Over the past 20 years, incidence of children diagnosed with cancer has risen from 11.5 cases per 100,000 children in 1975 to 14.8 per 100,000 children in 2004 — during this same time, however, death rates declined dramatically, according to the National Cancer Institute. Many experts agree that these higher survival rates can be attributed to better medicine — and awareness.
One such organization that delivers essential action, The National Children’s Cancer Society (NCCS), has established a legacy of providing emotional, financial and educational assistance to children with cancer and their families.
This year, NCCS is marking its 25th anniversary — that’s 25 years of assistance to more than 28,000 children in the U.S. Since its beginning, NCCS has grown and evolved with programs such as the Pediatric Oncology Program (POP), which has distributed over $52 million to families, and Beyond the Cure. This year alone, Beyond the Cure — a survivorship program designed to educate children and their families about the challenges they may face as childhood cancer survivors — has awarded $100,000 in college scholarships to 32 cancer survivors.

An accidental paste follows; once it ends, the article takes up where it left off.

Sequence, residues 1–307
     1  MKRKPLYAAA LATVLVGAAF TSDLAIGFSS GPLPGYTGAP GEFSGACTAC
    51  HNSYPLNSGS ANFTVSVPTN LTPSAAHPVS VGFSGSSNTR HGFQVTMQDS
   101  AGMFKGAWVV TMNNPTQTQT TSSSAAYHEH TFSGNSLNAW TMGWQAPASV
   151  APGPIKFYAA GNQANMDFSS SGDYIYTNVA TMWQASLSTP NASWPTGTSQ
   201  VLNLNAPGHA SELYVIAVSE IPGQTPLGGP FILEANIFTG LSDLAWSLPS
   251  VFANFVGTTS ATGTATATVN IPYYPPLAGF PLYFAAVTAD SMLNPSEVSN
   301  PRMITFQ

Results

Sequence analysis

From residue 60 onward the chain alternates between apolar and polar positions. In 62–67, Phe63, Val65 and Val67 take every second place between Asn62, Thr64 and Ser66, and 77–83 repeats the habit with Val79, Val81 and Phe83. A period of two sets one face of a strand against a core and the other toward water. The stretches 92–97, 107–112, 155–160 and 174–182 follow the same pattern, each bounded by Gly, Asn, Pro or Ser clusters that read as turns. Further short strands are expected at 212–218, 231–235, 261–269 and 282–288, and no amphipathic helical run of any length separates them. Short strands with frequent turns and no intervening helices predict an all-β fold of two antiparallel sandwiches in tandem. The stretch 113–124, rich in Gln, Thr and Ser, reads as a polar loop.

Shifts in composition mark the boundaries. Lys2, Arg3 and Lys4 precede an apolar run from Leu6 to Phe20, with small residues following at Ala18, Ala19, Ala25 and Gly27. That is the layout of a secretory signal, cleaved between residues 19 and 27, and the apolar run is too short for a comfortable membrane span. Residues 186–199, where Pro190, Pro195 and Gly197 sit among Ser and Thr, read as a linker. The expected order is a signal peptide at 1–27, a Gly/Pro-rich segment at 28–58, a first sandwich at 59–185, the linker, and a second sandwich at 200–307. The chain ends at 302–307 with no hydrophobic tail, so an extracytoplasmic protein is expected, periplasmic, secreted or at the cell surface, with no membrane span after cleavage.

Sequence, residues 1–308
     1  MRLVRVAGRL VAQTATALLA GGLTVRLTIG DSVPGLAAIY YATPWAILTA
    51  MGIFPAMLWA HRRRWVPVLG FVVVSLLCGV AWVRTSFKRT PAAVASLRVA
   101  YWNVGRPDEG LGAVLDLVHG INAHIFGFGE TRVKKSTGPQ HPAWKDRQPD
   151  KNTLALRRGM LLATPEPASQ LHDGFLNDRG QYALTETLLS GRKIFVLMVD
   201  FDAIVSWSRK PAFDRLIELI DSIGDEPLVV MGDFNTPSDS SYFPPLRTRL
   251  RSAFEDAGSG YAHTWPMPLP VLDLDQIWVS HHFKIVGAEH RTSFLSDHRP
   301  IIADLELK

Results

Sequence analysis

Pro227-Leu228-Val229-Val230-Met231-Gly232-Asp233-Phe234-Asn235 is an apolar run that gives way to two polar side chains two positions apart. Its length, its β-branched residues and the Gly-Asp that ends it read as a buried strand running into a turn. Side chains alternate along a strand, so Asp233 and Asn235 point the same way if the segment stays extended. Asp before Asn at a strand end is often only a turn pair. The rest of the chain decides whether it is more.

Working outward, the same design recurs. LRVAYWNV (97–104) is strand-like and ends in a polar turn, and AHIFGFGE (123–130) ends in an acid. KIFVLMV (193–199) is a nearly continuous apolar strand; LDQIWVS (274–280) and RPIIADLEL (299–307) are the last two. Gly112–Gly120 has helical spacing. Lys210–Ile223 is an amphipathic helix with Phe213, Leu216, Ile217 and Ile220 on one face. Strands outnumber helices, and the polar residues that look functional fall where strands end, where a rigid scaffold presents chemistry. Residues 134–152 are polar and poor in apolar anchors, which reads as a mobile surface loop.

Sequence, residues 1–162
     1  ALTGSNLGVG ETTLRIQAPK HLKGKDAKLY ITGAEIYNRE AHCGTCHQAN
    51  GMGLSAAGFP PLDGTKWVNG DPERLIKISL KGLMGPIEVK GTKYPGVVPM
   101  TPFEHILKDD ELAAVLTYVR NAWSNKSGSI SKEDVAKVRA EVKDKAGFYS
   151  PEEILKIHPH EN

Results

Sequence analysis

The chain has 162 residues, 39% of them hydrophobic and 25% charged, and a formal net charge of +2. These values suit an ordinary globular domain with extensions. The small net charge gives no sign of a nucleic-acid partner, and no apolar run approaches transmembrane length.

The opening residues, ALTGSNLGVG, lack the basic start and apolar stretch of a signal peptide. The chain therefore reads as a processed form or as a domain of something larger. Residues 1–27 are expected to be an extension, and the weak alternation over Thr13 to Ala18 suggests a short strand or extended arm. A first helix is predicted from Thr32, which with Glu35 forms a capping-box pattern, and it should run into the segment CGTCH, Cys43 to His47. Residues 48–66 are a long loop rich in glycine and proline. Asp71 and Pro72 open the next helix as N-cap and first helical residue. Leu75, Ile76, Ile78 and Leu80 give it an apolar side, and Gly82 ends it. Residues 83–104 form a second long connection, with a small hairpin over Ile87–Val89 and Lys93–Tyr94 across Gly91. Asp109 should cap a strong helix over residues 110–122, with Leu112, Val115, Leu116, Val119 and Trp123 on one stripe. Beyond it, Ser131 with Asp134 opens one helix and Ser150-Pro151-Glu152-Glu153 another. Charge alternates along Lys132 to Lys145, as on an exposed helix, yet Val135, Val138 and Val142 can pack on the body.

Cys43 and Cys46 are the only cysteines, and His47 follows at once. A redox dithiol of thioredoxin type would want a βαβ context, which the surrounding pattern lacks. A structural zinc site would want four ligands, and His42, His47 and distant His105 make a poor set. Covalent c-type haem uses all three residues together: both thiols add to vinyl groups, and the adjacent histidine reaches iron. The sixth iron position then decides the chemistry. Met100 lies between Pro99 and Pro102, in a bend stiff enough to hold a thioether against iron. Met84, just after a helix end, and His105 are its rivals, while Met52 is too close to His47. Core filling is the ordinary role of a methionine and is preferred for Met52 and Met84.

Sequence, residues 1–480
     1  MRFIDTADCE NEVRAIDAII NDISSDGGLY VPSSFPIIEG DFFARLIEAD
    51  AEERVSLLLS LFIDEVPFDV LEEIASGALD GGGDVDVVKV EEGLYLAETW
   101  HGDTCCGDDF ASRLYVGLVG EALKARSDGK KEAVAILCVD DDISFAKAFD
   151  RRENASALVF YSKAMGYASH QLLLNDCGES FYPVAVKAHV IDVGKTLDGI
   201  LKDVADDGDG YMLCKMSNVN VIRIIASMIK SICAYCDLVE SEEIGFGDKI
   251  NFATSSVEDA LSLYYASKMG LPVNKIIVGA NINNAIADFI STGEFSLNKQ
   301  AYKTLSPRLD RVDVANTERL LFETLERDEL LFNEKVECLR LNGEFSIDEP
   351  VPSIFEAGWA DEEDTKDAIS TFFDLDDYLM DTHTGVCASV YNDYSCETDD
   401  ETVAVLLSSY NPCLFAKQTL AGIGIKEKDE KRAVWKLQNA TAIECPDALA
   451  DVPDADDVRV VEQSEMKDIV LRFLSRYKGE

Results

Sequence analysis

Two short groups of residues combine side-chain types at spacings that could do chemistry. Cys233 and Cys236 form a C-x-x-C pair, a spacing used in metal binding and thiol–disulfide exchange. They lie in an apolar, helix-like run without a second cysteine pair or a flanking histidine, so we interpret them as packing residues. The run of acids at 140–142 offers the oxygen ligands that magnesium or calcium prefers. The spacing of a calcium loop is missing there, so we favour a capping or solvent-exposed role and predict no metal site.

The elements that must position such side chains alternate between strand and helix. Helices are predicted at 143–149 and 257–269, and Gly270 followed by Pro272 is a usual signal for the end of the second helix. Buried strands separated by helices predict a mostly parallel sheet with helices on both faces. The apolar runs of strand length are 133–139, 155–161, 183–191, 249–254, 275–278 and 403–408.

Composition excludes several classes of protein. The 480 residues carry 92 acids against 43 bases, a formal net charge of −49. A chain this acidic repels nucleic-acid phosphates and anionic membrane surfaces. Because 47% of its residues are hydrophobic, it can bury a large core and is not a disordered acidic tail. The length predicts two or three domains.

“The NCCS recipients show all of us how to successfully turn a challenge into something positive,” says Mark Stolze, NCCS president and CEO. “The Beyond the Cure Scholarship Program is a vehicle to help these individuals move forward with their lives in a meaningful way.”
The programs give children suffering from cancer a better chance to make a full recovery, especially children who don’t have access to quality health care or proper treatment. And POP lessens the family’s financial strain by helping with the ongoing expenses of treatment, such as meal assistance, gas money, and in some cases, health insurance premiums. This gives some added peace of mind to those parents whose incomes have become affected by their child’s illness.
For more information on the NCCS or coping with pediatric cancer, go to www.thenccs.org. To learn more about Beyond the Cure, visit www.beyondthecure.org.